Second officer admitted responsibility in accident and death aboard fishing vessel. The court sentenced the man to 12 months in prison, reduced to eight months for causing fatal ferry crash off Rosyth, Scotland in August 2010.
Pasquale Miccio pleaded guilty to a breach of section 58 of the Merchant Shipping Act 1995 as amended, on 24th March 2016 in the High Court of Justiciary, Glasgow. It means he admitted his actions or omissions were responsible for the death of Daniel McNeil (16) who was a crew member of the fishing vessel Homeland in August 2010.
At the time Mr Miccio (49) was serving as second officer aboard the MV Scottish Viking, a ferry owned and operated by Visemar di Navigazone Srl. The ship was on a regular service between Rosyth in Scotland and Zeebrugge in Belgium. He was the navigating officer on 5th August 2010, when the Scottish Viking sailed from Rosyth at around 4.30pm.
At around 6.10pm, the lookout reported seeing fishing vessels ahead and to starboard and the second officer made a small alteration of course. The lookout continued to point out the proximity of the fishing vessels and at 6.35pm, a further slight alteration of course was made. Despite these warnings the second officer made no further alterations of course or speed.
Daniel McNeil was the brother of skipper Joseph McNeil and working during his holidays onboard the family fishing vessel Homeland. They sailed from Eyemouth along with other vessels of the local fishing fleet at around 6pm. Joseph McNeil was working on the deck mending a net when, about thirty minutes later, he heard a warning blast from a nearby boat, the Achieve and heard the skipper calling to him on the VHF.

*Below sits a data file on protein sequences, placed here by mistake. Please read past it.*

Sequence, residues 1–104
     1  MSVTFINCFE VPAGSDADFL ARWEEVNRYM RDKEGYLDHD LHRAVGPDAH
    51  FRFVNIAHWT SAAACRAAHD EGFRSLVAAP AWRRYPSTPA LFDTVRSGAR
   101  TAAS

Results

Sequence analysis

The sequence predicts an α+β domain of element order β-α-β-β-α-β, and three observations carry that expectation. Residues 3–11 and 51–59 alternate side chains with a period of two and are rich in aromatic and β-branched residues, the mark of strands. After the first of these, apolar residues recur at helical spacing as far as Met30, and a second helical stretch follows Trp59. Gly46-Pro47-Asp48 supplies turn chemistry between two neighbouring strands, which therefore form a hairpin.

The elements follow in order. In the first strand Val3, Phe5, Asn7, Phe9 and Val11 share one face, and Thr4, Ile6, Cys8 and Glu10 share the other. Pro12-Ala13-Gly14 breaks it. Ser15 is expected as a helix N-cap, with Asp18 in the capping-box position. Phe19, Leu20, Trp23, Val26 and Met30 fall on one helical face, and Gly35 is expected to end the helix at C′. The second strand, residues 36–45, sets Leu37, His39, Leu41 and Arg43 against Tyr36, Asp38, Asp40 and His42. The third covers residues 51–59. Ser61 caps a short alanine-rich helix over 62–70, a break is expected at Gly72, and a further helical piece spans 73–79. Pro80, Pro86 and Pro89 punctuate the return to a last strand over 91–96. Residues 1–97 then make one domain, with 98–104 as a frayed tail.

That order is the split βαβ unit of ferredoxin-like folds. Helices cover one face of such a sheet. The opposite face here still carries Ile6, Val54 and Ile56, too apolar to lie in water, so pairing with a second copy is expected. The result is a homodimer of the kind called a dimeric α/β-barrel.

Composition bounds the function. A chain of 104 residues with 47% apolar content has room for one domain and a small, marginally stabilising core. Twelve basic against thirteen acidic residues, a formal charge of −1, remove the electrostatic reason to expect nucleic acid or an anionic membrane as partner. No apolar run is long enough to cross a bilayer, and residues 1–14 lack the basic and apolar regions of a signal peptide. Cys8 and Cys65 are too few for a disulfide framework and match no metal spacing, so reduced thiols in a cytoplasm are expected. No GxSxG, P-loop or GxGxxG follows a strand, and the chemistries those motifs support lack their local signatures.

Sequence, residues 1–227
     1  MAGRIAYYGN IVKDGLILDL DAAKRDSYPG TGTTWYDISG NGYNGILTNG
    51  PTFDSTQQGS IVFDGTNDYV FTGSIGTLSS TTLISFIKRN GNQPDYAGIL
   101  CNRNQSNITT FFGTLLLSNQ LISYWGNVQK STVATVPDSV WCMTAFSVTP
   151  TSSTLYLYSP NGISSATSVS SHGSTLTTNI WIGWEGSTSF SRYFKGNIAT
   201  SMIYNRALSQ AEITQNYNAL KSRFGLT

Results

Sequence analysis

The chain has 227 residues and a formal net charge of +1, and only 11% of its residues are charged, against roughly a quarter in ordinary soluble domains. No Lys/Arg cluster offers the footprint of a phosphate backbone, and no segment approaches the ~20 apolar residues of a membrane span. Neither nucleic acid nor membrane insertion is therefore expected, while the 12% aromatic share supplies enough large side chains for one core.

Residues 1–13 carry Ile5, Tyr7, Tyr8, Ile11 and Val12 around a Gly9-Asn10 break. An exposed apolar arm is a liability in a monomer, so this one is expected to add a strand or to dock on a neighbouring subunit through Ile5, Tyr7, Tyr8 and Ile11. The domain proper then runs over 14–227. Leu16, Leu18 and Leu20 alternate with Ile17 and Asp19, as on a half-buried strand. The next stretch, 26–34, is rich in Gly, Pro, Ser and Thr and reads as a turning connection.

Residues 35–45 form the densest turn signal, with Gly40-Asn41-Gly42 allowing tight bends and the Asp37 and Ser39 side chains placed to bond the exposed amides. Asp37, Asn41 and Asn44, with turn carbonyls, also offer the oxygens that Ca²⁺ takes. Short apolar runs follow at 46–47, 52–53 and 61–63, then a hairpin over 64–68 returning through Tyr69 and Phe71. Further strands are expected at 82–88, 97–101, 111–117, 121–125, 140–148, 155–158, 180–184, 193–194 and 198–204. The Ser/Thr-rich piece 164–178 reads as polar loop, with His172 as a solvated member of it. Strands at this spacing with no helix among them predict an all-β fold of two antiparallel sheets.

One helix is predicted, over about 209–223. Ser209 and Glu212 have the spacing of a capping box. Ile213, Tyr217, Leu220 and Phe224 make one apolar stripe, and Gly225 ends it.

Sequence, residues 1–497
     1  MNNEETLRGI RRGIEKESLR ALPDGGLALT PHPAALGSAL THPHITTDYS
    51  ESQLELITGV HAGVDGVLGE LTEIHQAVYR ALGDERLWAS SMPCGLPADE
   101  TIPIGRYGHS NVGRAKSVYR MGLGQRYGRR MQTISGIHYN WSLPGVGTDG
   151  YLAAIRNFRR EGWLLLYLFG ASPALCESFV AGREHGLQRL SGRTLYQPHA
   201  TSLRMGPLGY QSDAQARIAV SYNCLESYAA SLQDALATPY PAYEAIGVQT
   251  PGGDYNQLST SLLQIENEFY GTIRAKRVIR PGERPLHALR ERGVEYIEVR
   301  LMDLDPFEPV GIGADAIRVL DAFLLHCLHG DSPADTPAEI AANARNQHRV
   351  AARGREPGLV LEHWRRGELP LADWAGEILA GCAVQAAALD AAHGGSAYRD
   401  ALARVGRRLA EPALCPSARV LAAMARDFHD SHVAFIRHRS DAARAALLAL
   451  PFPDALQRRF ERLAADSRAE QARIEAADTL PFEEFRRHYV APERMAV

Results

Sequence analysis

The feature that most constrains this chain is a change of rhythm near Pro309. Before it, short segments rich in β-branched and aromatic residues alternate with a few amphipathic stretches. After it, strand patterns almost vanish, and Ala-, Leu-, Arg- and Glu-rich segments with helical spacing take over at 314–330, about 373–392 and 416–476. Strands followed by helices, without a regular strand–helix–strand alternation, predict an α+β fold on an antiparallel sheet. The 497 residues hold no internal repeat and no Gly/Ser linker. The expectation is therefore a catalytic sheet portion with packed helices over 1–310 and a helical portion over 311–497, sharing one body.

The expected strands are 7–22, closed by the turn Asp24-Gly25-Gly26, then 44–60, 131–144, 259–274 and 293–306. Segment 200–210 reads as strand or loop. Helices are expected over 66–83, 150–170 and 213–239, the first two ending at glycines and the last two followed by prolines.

He went forward and looked out of his wheelhouse to see the Scottish Viking just seconds before it struck. He and his brother managed to clamber onto the wheelhouse roof but the boat went down very quickly. The Serene y Don – another local boat – threw Joseph a life ring and pulled him to safety but Daniel could not be found.
In the High Court in Edinburgh, the judge, said that the day had been a dreadful tragedy in that Daniel McNeil had lost his life and his family their son and brother.
‘It is impossible to place a value on his life and it is not the purpose of this court to do so,’ he added.
He told Mr Miccio that as the officer in charge of a large vessel, he was responsible for the failures and omissions and had failed to take actions that would have prevented the death of the young man.
The judge sentencing him to 12 months in prison but reduced to eight months taking into account mitigation that there were other contributory factors to the incident and that Mr Miccio had no previous accidents.
Captain Bill Bennett, surveyor in charge, for the Maritime & Coastguard Agency said that the case highlighted the need to maintain a proper lookout. He added it also reinforced the need for every vessel to use all available means to determine if a risk of collision exists and to take early positive action to avoid that collision.
Source: UK MCA
UK MAIB has published a report on the investigation of the collision between the fishing vessel Homeland and Scottish Viking resulting that factors which led to the collision included
• Scottish Viking’s watchkeeper did not: determine at an early stage if there was a risk of collision with Homeland; sufficiently monitor or plot Homeland’s track; and, once a risk of collision was deemed to exist, take sufficient action to avoid collision.
• Homeland’s watchkeeper did not: determine at an early stage if there was a risk of collision with Scottish Viking; maintain a proper lookout from the wheelhouse; or detect or recognise a risk of collision with Scottish Viking until it was too late to take effective action.
Further details may be found by reading the report